Have you ever thought: Who am I? What the hell am I doing? And how did I get here of all places? Probably at some point in your life, if not on a daily basis, you’ve asked yourself these questions. And if you’ve ever turned to the bookshelves for your answers, the new podcast "Self? Help!" is for you. For Season One, I asked best-selling authors the story behind the book that helped them navigate a pivotal moment in their life.
Paula McLain, the author of “The Paris Wife,” found insight from a book she was embarrassed to carry around. “I had to rip the cover off,” she said. “What if I somebody sees me reading this? How horrifying! How could I possibly be like that person?”
It takes a lot to become the person we are, and before McLain published bestselling fiction, she wrote a memoir. It told the story of how she grew up with her sisters in the foster care system after her parents could no longer care for them.
Paula and her sisters were moved from one foster home to another. In and out of these strangers homes, Paula was haunted by her mother’s abandonment. “She gave me away,” said McLain, “and then in repeated placements I had relationships with mothers who rejected me, who criticized me, who abandoned me, who showed me no love, or affection, or approval. Talk about unmet needs. That was my entire life, just one vast sea of unmet needs.”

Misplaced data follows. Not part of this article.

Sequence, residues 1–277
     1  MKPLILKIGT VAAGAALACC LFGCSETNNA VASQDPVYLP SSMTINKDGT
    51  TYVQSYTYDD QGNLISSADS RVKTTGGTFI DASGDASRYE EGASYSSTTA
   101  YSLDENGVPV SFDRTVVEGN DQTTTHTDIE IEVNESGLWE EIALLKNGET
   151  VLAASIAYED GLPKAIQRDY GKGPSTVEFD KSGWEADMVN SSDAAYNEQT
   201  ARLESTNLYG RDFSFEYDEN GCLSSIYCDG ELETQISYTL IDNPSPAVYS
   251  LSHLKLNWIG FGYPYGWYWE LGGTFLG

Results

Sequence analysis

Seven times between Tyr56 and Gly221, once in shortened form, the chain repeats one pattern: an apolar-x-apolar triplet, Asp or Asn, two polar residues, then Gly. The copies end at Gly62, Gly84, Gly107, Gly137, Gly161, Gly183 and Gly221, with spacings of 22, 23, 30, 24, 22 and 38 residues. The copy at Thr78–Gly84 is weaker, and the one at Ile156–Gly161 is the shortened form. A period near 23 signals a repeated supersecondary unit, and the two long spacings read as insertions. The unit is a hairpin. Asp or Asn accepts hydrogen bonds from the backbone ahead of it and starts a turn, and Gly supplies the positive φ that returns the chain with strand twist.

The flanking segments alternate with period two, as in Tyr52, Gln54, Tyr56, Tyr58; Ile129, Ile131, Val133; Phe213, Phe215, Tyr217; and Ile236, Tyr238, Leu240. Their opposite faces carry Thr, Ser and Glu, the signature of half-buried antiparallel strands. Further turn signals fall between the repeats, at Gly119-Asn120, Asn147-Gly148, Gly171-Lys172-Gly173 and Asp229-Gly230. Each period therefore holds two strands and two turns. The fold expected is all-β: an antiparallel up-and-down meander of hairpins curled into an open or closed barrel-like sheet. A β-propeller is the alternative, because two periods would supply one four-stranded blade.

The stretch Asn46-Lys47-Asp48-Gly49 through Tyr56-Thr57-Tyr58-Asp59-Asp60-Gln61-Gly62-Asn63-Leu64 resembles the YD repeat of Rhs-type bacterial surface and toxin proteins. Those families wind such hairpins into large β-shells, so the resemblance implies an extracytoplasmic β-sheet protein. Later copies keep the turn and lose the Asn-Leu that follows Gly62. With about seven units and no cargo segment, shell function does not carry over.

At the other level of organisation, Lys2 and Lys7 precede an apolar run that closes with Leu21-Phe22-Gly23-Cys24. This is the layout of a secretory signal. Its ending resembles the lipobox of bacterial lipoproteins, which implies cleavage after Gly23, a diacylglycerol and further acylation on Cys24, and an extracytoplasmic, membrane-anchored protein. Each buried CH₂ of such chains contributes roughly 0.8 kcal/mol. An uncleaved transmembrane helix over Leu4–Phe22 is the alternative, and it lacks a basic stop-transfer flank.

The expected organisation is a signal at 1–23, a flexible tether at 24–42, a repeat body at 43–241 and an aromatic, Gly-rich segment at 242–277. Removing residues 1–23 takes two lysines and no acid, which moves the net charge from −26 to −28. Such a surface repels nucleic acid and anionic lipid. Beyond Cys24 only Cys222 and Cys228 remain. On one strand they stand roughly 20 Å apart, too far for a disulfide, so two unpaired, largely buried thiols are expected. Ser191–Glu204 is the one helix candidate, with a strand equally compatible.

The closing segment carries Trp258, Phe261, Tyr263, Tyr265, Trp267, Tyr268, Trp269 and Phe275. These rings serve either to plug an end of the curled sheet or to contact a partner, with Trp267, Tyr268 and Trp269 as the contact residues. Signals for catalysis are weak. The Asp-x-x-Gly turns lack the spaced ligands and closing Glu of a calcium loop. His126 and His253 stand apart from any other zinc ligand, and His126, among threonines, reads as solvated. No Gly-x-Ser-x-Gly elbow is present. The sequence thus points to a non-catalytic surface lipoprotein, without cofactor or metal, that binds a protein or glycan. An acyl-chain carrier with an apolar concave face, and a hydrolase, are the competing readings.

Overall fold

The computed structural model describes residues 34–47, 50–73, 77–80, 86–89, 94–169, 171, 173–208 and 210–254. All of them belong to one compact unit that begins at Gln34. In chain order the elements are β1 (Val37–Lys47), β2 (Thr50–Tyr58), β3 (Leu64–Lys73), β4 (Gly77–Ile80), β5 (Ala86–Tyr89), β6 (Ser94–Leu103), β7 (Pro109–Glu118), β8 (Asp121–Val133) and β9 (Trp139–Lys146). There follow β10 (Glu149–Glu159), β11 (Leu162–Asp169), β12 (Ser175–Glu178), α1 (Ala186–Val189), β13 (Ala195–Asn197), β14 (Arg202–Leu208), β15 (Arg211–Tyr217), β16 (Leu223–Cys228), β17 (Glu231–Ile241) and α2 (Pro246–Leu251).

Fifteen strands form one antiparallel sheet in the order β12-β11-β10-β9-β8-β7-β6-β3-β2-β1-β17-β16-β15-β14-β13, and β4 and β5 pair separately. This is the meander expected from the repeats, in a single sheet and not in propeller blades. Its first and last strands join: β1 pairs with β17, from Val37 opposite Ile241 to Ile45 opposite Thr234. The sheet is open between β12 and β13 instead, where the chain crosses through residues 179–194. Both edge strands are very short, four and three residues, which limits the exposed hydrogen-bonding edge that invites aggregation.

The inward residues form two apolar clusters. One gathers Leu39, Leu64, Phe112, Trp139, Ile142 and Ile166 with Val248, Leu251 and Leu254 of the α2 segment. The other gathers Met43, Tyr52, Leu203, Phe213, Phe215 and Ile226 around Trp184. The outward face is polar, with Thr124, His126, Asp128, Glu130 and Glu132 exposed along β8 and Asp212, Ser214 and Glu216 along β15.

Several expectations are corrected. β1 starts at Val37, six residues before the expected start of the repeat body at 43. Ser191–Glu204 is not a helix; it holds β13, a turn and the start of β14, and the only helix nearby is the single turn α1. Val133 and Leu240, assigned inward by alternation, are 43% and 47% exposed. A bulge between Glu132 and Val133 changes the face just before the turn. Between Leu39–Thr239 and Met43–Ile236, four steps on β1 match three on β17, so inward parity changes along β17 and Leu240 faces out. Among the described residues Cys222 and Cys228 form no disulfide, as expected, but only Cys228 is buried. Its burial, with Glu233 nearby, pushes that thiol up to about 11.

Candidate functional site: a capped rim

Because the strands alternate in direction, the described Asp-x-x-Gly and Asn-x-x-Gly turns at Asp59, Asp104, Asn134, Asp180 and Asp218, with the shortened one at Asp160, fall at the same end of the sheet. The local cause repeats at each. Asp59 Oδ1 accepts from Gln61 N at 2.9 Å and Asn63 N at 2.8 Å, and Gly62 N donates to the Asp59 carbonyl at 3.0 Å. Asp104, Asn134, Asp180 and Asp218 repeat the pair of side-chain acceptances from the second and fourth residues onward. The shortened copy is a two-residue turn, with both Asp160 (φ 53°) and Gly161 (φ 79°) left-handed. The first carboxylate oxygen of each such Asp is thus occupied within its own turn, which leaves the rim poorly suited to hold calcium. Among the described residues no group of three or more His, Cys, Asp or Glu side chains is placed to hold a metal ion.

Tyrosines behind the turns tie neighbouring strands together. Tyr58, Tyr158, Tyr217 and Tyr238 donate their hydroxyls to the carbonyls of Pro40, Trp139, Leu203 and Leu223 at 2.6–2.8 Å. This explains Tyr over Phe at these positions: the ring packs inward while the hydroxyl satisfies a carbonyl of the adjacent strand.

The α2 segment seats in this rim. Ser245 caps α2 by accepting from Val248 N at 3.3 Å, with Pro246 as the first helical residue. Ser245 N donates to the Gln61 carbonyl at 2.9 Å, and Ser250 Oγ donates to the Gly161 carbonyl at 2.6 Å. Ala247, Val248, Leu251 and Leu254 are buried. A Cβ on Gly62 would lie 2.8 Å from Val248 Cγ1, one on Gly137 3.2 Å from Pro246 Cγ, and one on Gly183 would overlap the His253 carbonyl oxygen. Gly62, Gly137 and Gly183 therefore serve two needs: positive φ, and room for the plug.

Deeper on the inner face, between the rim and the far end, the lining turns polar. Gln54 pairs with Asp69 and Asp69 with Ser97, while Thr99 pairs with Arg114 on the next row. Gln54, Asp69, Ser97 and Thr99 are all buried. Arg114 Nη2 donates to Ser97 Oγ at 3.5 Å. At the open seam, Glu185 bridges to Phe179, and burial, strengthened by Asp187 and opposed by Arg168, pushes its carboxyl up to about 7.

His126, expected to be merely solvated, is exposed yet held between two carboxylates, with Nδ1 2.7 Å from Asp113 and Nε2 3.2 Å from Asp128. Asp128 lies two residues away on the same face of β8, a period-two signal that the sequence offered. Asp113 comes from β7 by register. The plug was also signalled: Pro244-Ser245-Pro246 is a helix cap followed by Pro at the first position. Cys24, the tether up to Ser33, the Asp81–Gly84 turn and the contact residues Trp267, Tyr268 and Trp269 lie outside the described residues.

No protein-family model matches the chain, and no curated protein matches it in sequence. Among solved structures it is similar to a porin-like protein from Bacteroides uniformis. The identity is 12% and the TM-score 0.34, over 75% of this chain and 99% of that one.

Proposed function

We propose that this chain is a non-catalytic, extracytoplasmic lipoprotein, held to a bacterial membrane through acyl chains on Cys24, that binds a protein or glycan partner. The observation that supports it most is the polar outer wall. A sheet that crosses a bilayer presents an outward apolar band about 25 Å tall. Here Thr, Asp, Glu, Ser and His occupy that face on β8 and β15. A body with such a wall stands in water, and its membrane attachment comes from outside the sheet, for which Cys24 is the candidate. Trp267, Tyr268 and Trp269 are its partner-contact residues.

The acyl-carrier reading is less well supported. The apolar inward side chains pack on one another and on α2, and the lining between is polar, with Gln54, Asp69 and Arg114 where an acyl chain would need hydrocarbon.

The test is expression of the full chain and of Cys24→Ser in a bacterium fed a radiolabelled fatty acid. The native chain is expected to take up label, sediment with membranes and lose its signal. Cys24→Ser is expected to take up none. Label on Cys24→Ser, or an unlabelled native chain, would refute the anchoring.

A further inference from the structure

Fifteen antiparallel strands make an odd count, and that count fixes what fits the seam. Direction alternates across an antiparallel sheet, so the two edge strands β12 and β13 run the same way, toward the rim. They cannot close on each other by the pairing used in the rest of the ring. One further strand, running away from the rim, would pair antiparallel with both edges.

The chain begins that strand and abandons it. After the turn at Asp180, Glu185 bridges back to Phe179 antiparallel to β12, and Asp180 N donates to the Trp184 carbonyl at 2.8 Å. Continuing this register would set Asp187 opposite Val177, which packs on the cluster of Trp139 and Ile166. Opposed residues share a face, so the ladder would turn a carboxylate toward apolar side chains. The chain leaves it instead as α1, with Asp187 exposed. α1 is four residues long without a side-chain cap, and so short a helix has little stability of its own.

As an adult, Paula paid a price for her childhood, especially in her relationships with men. “So I had decades and decades and decades of: What is wrong with me that I continue to look for love where it's not? I choose unavailable men. I choose broken men. I obsess over relationships. I treat relationships like a drug. I say I want sex when I don’t. I give away my power. Like, what the hell is going on?"
Paula reached for Robin Norwood’s book “Women Who Love Too Much” to figure out her patterns, and it gave her something she didn’t expect. “With this book, I actually thought I saw something I'd never let myself see before,” she said.
To hear Paula McLain’s story of what she discovered through Norwood’s book, listen to Episode 3 of “Self? Help!”
Learn more about “Self? Help!”, including how to subscribe, on our website.